LA Current, Cali Condors Move On To ISL Finale In Vegas

2019 INTERNATIONAL SWIMMING LEAGUE – AMERICAN DERBY

  • Saturday, November 16 – Sunday, November 17, 2019
  • 2:00-4:00 PM Local Time (U.S. Eastern Time)
  • Eppley Recreation Center – College Park, MD
  • Short Course Meters (SCM) format
  • American franchises: Cali Condors, LA Current, DC Trident, New York Breakers
  • Preview
  • Live Stream (ESPN3)
  • Full American Derby Results

The Los Angeles Current knocked off the Cali Condors in a mild upset, forcing a tie for the American league regular-season title, and both teams will represent the U.S. in the ISL final.

Cali was second in both Group A meets, piling up 6 regular season team points. LA was second in one match, but fell to third in their second match, trailing Cali with 5 points. But when LA beat Cali in the American derby, that one-point deficit was evened up, leaving both teams with 9 regular-season points.

The tie-break – if it mattered for any functional reason – would be total team points between the three meets. Cali scored 1405 across the series (425 in Indy, 490.5 in Naples, 489.5 in Washington), while LA scored 1360 (457 in Lewisville, 408 in Budapest, 495 in Washington). That means Cali are the American regular-season champions by 45 points.

That doesn’t carry a lot of weight, though. The top two teams in American standings qualify for the ISL final next month, so Cali and Los Angeles will both make the trip to Vegas for the series finale. And their finish order in that meet will be the biggest determiner of prize money: every swimmer on the league champion team earns $10,000, and the next three teams will earn $5,000, $3,000 and $1,000 per swimmer.

It’s all-but-guaranteed that the London Roar and Energy Standard will represent the European teams, barring any massive upsets in the European derby. Those two teams swept the group meets, and will probably hog the top two spots in Vegas. But Cali and LA will swim-off for the top American spot, as well as $2,000 extra for each swimmer based on whichever team ends up third.

American Regular-Season Final Standings

  1. Cali Condors – 9 (tiebreak: 1405)
  2. LA Current – 9 (tiebreak: 1360)
  3. DC Trient – 6
  4. New York Breakers – 3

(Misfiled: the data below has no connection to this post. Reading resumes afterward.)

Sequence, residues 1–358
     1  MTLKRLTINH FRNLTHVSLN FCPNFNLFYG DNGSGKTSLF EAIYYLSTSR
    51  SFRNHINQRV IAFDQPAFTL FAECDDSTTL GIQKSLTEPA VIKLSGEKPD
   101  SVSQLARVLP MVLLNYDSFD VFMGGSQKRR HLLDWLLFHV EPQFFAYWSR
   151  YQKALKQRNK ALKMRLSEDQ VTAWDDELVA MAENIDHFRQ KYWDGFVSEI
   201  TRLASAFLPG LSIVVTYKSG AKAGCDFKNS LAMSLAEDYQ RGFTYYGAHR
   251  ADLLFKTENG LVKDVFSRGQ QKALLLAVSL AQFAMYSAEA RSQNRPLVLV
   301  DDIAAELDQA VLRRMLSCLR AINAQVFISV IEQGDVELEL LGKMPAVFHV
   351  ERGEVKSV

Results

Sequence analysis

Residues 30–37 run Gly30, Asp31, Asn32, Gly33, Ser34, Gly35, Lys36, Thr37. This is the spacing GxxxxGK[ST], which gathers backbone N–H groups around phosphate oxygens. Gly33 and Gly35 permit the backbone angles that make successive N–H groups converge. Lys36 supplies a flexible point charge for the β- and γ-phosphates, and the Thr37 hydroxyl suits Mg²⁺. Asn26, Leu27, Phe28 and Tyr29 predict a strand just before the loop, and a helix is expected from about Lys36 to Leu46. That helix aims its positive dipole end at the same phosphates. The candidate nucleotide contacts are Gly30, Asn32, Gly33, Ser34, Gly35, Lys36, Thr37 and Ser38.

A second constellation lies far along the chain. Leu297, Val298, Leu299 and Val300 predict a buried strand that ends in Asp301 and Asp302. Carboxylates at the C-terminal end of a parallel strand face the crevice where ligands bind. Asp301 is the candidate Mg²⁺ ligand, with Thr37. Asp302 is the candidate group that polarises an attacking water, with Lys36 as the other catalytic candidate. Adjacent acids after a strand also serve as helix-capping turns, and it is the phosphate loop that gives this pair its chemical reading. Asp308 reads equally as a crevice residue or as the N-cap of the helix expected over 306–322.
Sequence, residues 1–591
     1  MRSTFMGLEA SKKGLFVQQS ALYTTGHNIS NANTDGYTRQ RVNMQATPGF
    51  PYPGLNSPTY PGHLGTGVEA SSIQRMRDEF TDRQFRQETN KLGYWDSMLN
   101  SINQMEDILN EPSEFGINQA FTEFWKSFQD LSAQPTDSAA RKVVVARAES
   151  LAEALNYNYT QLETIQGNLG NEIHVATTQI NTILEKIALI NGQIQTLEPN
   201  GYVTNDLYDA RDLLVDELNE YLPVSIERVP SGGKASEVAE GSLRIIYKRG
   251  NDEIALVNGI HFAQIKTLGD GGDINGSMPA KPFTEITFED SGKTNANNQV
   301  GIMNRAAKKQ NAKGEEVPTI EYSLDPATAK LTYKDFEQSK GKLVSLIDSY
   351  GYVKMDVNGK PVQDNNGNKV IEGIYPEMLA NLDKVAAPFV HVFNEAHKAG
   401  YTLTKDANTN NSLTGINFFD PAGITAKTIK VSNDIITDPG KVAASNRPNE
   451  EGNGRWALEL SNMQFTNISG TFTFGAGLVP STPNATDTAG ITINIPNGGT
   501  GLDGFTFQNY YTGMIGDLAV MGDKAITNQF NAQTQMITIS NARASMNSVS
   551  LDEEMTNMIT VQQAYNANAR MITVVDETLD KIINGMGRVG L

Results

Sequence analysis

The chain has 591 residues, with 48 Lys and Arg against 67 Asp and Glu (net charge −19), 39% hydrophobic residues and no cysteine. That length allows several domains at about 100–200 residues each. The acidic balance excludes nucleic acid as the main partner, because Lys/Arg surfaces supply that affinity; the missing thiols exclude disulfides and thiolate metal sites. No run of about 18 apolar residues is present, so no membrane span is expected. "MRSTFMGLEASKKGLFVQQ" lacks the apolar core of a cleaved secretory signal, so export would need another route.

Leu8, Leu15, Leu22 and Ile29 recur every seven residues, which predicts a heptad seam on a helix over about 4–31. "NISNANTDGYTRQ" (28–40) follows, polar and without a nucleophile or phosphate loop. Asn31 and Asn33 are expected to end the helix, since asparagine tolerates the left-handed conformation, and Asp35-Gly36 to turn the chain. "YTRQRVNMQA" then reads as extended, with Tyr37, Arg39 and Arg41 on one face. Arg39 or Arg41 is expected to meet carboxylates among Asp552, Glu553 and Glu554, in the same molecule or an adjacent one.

Current European Regular-Season Standings (one meet remaining)

  1. Energy Standard – 8 (tiebreak: 1014)
  2. London Roar – 8 (tiebreak: 990)
  3. Iron – 5 (tiebreak: 827)
  4. Aqua Centurions – 2 (tiebreak: 612)

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Troyy

Not that it matters much but that’s a silly way to break a tie given LA Current were in a stronger group. Take London for example, they are obviously the strongest team but have less points than Energy Standard.

I agree. I think this season was all about “putting on 7 good shows.” I think they’ll re-evaluate some of this stuff in the off-season. Konstantin, at his core, is a “numbers guy,” a mathematician. I was a little surprised that they used a ranking system that allowed us to get to both Derby meets with basically nothing up for grabs team-wise, but I think that’s mostly a function of there only being so much you can do with 6 regular season meets.

With 20+ meets next year, there will be more time for ebbs and flows in the standings.

Corn Pop

Surprise!

Octopus

The recruiting system is not clear to me. Some of the swimmers were recruited before the rule were fixed. The best swimmers logically want to be in stronger teams so that they reach the final. I do not know what are budgets for the incentives to make the teams even in strength.
For instance, Kromowidjojo is the skins queen so far, she, with little luck, could win four times (skins counted trice). She will sorely missed from the final.

About Jared Anderson

Jared Anderson

Jared Anderson swam for nearly twenty years. Then, Jared Anderson stopped swimming and started writing about swimming. He's not sick of swimming yet. Swimming might be sick of him, though. Jared was a YMCA and high school swimmer in northern Minnesota, and spent his college years swimming breaststroke and occasionally pretending …

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